A Private Affair
The wrinkle: Catherine asked for her stigmata to be invisible while she lived, and Christ granted the request. She felt the wounds, but no one could see them. Why? What lesson can we learn from this decision to keep private what otherwise would be a clear sign of divine intimacy? Would she not have gained credibility with cardinals, popes, dukes, et al., if these stamps of approval had been visible?
Perhaps while reading you found yourself thinking that being around a stigmatic would make you uncomfortable or that some of them might be frauds. If so, perhaps you have helped us answer the question. When a mystic walks around with bleeding wrists, that’s all most people see. People tend to tune out or pay too much honor to a stigmatic – either way, Catherine might have been less heard, not more, if she had visible stigmata. Like all great saints, Catherine didn’t want the attention on herself; like John the Baptist, she existed to point to one greater than she.
Yet Catherine was hardly shy of the limelight when she felt it put Christ in the spotlight. Indeed, she did as much of her teaching by dramatic acts as she did by her words. Consider some of these prophetic dramas she carried out:
- Staying in the city to care for the sick during an outbreak of the Black Death.
- Accompanying a condemned man to his execution, and holding his head in her hands even as it was taken from him by the government.
- Cutting her hair and fasting to refuse wedding plans she had not made for herself.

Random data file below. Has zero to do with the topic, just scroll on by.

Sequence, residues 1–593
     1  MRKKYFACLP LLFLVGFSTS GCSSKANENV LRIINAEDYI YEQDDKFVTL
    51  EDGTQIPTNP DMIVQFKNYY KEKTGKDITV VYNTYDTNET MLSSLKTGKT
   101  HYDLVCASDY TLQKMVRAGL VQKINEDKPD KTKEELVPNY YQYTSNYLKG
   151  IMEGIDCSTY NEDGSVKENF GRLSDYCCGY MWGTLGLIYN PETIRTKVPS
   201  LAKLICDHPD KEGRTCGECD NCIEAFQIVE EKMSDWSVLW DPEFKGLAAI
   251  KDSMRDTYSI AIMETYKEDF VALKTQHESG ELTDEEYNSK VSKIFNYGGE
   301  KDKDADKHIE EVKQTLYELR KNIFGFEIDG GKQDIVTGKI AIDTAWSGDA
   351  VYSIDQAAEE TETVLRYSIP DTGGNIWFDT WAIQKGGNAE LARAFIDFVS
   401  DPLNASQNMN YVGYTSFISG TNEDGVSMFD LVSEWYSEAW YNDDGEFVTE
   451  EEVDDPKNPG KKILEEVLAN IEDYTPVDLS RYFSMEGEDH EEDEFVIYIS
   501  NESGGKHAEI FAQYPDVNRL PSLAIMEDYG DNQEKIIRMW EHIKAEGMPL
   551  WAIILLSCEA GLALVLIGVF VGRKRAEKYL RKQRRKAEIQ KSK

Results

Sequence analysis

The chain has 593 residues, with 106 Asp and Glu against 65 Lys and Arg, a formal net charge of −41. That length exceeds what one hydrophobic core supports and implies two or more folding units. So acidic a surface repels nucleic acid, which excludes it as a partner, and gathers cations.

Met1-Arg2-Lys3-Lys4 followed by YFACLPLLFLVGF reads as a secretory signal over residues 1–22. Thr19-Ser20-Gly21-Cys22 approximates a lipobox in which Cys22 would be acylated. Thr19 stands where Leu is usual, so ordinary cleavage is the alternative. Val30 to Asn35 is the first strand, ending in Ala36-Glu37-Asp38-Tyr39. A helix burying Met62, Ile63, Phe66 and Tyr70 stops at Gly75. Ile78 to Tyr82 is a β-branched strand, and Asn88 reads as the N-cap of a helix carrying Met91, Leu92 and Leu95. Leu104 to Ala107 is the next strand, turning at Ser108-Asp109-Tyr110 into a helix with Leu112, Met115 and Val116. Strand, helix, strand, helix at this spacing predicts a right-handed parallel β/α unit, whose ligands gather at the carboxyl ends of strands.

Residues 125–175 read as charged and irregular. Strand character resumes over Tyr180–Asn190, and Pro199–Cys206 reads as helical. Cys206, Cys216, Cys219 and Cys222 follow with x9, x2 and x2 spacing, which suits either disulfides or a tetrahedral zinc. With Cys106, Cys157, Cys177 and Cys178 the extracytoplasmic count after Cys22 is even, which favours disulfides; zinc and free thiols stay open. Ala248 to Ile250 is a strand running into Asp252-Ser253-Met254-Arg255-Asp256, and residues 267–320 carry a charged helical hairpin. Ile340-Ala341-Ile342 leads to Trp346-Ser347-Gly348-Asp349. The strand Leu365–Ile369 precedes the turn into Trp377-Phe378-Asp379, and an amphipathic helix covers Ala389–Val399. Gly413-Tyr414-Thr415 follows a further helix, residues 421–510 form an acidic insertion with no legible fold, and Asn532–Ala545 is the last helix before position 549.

- Walking all the way to France (or was that Babylon?) to confront a Pope.
If someone who did all that wanted to keep her stigmata to herself, she must have deemed it either too intimate to share or unhelpful for her ministry. In any case, the marks became manifest upon her death; for those skeptics who had doubted her mystical union with Christ, the now-visible stigmata confirmed its authenticity.
Taking Catherine Personally
As I meditate on Catherine’s sanctity, stigmata, and secrets, I take some personal notes:
…to accept the gifts of the Lord, even when they hurt or I do not understand them.
…to guard my relationship with God. Religion is a communal affair, but it does not preclude prudent privacy. We do not need to reveal every thought, gift, or experience to our brethren. I can be careful with my own wounds, revealing them after first discerning a worthy purpose and only after weighing whether they will be perceived as stigmata or merely stigma.
…not to expect or presume to know another person’s spiritual reality. You have heard it said, “be kind – everyone you meet is fighting a hard battle,” but I say unto you, go further and assume everyone you meet is a secret stigmatic.
…to stop underestimating Christ’s desire for intimacy with me.
If you would like to take the next step in learning from this doctor of the Church, consider reading Louis de Wohl’s historical novel Lay Siege to Heaven or Sigrid Undset’s biographical treatment, Catherine of Siena. You could also meditate upon one of her many popular quotes – “All the way to heaven is heaven, for Jesus said, I am the Way,” or “Be who God meant you to be and you will set the world on fire.”
Let us end with Catherine’s words: “Eternal Trinity, Godhead, mystery deep as the sea, you could give me no greater gift than that of yourself.”
Kaitlyn Dudley Curtin holds graduate degrees in Theology and in Education. She writes a monthly column, “Strong Medicine: Scripts from the Doctors of the Church.” She keeps up a personal blog and recently contributed a chapter to Teresa Tomeo’s book Listening for God. She and her school principal husband parent five lovely children in upstate South Carolina.
7/30/2021 11:23:12 PM